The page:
It’s odd to see hulking animals as large as the jeep you’re sitting in delicately sucking up proffered carrots through lips the size of gaps in sofa cushions. Like watching Arnold Schwarzenegger – in his bulked-up prime – figure skating.
Arnie’s Terminator character famously said ‘I’ll be back’. But that’s far from certain for these magnificent beasts: even then, 10 years ago, they were just four of the last six Northern white rhinoceroses left on the planet.
It was on a safari trip to Ol Pejeta Conservancy, Kenya, in 2013 when I watched them eating carrots handed to them by their keepers. The intervening decade has seen the deaths of two captive females at San Diego Zoo and of the last two males at Ol Pejeta. The remaining two females are the daughter and granddaughter of Sudan, the last male. Thus, the Northern white rhino is functionally extinct.
However, scientists are currently perfecting techniques to use cryopreserved semen, eggs and other tissues from surviving and deceased individuals to produce viable embryos by IVF, which can then be implanted in Southern white rhino surrogates (neither of the remaining females can gestate a calf) in the hope of resurrecting a population.
Contrasting fates of white rhinos
The white rhino (Ceratotherium simum) diverged into Northern and Southern subspecies (we’ll call them NWR and SWR respectively) just under a million years ago, but they retain a high degree of genetic similarity.
The NWR inhabited grasslands sandwiched between the Sahara, the Congo Basin and the Nile, mostly across modern-day Chad, the Central African Republic, Sudan, South Sudan and the Democratic Republic of Congo. Until the 20th century, they are likely to have numbered in the tens of thousands. In contrast, their southern cousins were heavily hunted.
The last century, however, saw a dramatic reversal of fortunes, with strict protections and game ranching in southern Africa increasing the SWR population, while political instability, warfare and associated poaching decimated NWRs, particularly since the 1970s. There is therefore a clear argument that we have a collective moral obligation to save them.
Ecologically too, there’s a good rationale. Many conservationists rightly criticise the disproportionate resources and public attention monopolised by large charismatic species. But the white rhino – unlike say, the cute and cuddly panda – is a keystone mega-herbivore whose grazing has significant impacts on habitat structure and heterogeneity, and its extinction from its northern range has resulted in an impoverished ecosystem.
However, although the concept of ‘de-extinction’ is exciting, and could revolutionise the future of conservation, this project raises questions over how limited resources should be prioritised.
Rhinos as a whole are not under threat
The technology required to resurrect the NWR is intensive and expensive. And it is not as if the species as a whole is under threat. There are some distinctions between Northern and Southern rhinos. But does it warrant the use of advanced cellular biology to recreate NWR embryos in vitro when, ecologically speaking, the SWR would be a perfectly good substitute for introduction into former NWR habitat?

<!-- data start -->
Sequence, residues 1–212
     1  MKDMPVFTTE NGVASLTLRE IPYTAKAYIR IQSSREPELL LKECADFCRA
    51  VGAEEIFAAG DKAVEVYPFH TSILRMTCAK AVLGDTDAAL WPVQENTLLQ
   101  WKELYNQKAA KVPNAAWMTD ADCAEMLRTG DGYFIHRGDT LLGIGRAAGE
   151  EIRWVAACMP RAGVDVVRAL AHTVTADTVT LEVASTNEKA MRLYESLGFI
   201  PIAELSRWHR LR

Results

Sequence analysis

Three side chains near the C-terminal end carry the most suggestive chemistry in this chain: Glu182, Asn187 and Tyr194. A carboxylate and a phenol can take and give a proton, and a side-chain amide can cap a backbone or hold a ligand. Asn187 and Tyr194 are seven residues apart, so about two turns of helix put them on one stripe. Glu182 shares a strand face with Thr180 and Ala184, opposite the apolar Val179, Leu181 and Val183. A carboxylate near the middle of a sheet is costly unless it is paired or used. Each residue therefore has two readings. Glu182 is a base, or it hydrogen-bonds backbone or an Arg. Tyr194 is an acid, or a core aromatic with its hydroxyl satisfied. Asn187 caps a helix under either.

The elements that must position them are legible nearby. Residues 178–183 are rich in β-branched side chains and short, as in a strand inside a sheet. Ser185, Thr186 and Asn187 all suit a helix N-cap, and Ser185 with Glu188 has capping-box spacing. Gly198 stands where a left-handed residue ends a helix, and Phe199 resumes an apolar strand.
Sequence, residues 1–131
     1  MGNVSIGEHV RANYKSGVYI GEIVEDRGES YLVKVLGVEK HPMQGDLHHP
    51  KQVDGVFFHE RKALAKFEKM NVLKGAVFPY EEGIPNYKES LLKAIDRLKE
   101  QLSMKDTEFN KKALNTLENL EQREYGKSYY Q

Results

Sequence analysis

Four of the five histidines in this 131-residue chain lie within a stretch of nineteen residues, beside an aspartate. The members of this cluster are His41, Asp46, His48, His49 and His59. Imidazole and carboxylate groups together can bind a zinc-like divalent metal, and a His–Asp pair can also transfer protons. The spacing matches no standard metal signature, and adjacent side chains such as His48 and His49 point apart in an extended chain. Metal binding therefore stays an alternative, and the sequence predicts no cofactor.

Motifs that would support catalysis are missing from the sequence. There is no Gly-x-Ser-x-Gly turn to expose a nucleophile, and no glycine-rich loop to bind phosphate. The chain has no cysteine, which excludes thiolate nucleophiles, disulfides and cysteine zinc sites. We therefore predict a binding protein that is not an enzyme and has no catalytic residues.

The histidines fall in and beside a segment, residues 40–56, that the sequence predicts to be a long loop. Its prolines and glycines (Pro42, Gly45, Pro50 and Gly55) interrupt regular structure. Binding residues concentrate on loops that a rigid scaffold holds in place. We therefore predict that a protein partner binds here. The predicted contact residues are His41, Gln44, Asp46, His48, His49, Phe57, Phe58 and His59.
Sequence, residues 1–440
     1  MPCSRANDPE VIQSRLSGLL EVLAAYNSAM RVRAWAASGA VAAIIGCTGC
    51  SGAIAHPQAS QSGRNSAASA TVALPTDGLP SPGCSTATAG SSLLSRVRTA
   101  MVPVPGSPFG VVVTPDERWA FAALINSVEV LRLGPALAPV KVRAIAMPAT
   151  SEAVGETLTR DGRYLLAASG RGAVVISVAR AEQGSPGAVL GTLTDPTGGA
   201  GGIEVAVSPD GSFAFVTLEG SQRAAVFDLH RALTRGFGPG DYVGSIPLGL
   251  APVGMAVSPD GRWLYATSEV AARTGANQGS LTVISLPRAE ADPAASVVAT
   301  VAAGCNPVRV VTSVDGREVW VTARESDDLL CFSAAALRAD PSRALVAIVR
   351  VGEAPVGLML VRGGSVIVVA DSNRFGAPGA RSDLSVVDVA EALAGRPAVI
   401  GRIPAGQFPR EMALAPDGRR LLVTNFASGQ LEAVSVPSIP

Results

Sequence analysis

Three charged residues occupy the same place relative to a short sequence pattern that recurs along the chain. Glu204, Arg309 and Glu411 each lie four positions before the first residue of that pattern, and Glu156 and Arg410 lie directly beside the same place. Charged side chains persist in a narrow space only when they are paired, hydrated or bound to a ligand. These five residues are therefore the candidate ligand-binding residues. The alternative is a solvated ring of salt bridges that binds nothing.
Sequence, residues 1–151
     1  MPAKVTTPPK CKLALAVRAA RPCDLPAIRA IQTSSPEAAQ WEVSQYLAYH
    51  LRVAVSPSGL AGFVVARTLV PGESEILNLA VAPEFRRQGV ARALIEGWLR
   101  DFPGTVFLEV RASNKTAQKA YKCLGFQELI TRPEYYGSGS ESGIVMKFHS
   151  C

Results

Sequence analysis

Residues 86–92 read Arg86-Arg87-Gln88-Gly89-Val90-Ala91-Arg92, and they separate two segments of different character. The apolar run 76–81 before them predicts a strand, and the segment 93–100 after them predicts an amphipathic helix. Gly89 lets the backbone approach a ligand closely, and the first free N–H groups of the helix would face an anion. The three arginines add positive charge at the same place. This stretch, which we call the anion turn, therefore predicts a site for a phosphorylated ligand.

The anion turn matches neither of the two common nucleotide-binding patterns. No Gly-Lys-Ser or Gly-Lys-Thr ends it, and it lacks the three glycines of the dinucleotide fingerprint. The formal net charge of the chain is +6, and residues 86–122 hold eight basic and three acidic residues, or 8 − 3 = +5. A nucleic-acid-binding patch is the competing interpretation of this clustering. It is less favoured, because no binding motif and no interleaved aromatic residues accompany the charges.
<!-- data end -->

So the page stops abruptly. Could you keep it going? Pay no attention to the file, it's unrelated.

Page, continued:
And also, assuming that the labs involved can successfully produce NWR calves within the next decade, it is unclear whether the threats that wiped them out in the first place will be sufficiently reduced to allow for successful reintroductions. Or even whether such founder populations would have sufficient genetic diversity for long-term viability.
So I’m in two minds about saving the Northern white rhino – a process known as de-extinction. I was enormously privileged to be among the relatively few people on our planet to have seen living NWRs in their fuzzy-eared glory. And it is true that if the last two females, Najin and her daughter Fatu, died without progeny the world would seem a smaller, emptier place.
Legalising the sale of rhino horns
But this is ultimately just one subspecies of a relatively numerous rhino, and wildlife the world over (including other rhino species) is going to hell in a handbasket. Cooking up lab-grown rhinos with little prospect of their safe reintroduction to the wild would seem a waste of money and resources.
A measure that could potentially address some of these criticisms would be to legalise the international trade in rhino horn. The ban maintained by CITES is counter-productive, having merely ceded the market to organised crime and helped inflate the value of the horn to the point where it fetches higher prices than diamonds or cocaine, despite bearing no material difference to your toenail clippings (both being made of keratin).
This is certainly controversial and should be approached tentatively. However, managing small populations of rhinos for regular dehorning, and a Central Selling Organisation to regulate the trade, could sustainably meet much of the estimated black market demand. At the same time it would undermine the illegal trade driving poaching. Profits could be invested in local communities, and perhaps in biotechnology, to resurrect NWR into a safer world.
Whatever the future of the NWR, these technologies could, provided they aren’t used as an excuse for complacency in conservation, be valuable tools to have in our back pocket. But at this rate we may end up having to ‘de-extinct’ a lot more than one subspecies.
So many other creatures on our planet are under imminent threat.